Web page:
She said a staffer visited her every hour or two to give updates.
“That was very reassuring,” she said.
Jill Kruger, of Bel Air, and her 13-year-old daughter, Jocelyn, looked over gingerbread houses in front of the stage. Kruger, a culinary arts teacher at Patterson Mill High School, said her students normally make gingerbread houses for the festival, but “time constraints this year didn’t allow it.”
She and her daughter, a seventh-grader at Patterson Mill Middle School, were spectators this year.
“[We’re] completely spectators, getting in the Christmas spirit,” Kruger said.
“I love seeing how many trees have already sold because it does benefit such a greet organization,” she added.
Jocelyn said she is a regular festival attendee.
“I love getting into the Christmas spirit, and there’s not a festival around that’s like this,” she said, noting she enjoys the creative aspects of it.
Each decoration was created with a different theme, and they could complete for prizes.
Lauren Arikan, of Jarrettsville, who was elected earlier this month as a state delegate from western Harford and eastern Baltimore counties District 7, worked with other members of the Harford County Republican Women's Club, to create a tree with a “Milking Maryland” theme in honor of the state’s dairy industry. It won a prize for “most original theme,” Arikan said.
The club also created a tree to donate for the 2017 festival.
“We had so much fun doing it so we decided to participate again this year,” Arikan said.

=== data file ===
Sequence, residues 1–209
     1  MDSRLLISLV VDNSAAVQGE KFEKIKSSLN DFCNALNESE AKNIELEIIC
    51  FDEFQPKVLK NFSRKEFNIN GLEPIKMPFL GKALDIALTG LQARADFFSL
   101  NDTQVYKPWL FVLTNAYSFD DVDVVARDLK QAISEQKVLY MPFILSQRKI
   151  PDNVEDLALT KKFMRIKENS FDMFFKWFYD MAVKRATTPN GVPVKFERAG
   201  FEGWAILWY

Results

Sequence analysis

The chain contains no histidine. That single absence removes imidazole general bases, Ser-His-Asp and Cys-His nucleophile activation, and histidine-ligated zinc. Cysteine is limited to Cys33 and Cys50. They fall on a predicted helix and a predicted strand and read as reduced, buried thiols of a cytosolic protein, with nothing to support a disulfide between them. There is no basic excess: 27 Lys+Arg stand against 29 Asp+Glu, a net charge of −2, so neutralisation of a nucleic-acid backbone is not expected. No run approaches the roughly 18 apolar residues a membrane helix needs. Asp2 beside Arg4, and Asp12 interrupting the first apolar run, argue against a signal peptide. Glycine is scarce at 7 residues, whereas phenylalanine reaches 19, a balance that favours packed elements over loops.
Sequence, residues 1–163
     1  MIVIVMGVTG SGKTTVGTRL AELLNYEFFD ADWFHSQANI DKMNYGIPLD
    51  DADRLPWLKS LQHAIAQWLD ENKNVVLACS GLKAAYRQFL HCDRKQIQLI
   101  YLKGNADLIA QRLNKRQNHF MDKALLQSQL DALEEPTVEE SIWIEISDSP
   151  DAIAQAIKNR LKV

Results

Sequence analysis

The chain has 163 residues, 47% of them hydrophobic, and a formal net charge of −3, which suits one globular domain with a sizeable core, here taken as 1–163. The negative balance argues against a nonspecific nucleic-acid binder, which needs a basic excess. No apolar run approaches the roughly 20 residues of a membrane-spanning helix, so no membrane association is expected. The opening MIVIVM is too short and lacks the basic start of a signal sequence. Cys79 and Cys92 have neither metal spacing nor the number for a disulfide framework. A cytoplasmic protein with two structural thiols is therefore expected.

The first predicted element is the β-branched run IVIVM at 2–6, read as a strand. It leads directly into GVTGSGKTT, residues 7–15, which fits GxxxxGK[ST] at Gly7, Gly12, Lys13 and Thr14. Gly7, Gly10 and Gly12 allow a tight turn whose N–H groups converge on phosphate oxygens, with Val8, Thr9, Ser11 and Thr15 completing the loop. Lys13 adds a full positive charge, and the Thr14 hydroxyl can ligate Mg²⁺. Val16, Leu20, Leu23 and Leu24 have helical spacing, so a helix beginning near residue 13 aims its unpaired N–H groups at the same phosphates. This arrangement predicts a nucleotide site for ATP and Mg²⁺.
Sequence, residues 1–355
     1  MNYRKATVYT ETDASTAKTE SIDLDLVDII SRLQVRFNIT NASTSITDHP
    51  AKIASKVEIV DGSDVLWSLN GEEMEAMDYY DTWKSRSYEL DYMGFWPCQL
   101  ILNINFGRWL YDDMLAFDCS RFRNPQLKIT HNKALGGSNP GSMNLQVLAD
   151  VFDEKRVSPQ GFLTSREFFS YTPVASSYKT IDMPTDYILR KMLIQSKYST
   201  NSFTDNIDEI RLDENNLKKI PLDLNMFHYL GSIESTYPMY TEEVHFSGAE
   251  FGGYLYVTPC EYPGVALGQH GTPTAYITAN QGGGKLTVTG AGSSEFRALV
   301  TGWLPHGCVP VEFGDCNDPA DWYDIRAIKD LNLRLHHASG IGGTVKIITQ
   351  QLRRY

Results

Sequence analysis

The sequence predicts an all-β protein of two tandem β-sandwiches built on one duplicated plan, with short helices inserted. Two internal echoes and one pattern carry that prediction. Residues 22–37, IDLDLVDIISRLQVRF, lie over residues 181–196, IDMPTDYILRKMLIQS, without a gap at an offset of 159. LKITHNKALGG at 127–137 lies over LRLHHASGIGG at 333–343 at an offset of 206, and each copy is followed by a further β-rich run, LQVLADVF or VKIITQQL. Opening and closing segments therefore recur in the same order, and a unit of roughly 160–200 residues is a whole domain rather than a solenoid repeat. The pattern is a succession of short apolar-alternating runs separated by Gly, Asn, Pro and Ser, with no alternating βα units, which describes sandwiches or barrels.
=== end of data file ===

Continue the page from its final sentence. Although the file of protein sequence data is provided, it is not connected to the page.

She said she has not had any personal experience with cancer, but “certainly it’s a worthy cause,” she said of Cancer LifeNet.
“I know it has a big impact on a lot of families out here,” Arikan said.
Toby Ziegler, a 17-year-old senior at North Harford High School, played Christmas songs on the violin while on the armory stage.
The Street resident plays violin, viola, saxophone, mandolin, steel drums and guitar, and he plays in his school’s orchestra, band jazz band, guitar ensemble and the NHHS school musical. Plus, he participates in the Harford Youth Orchestra and Susquehanna Symphony Orchestra.
“It’s amazing to see so many people out here to help people they don’t even know,” Ziegler said during a break while playing at the festival.
Children and their parents could, in one corner of the gym, make their own gingerbread houses.
Kim Kries, of Abingdon, and her 12-year-old daughter, Hannah, worked on a house together.
“It’s fun for her,” Kries said of her daughter. “It’s a good thing to do together.”
Festival co-chair Sandy Guzewich praised, from the stage, festival-goers for “assisting our community cancer patients with your generous donations.”
The past president of the Chesapeake Cancer Alliance chaired this year’s festival with her husband, Dave. She later praised the “cadre of volunteers” who supported the festival, including students, teachers and staff at Bel Air and Patterson Mill High School — she said teachers and staff at both schools helped sponsor the festival with a “jeans day,” during which they wore jeans for donations to the event.
Guzewich said “it takes a village” to put on the festival.
“The village of Bel Air — it takes all of us,” she said.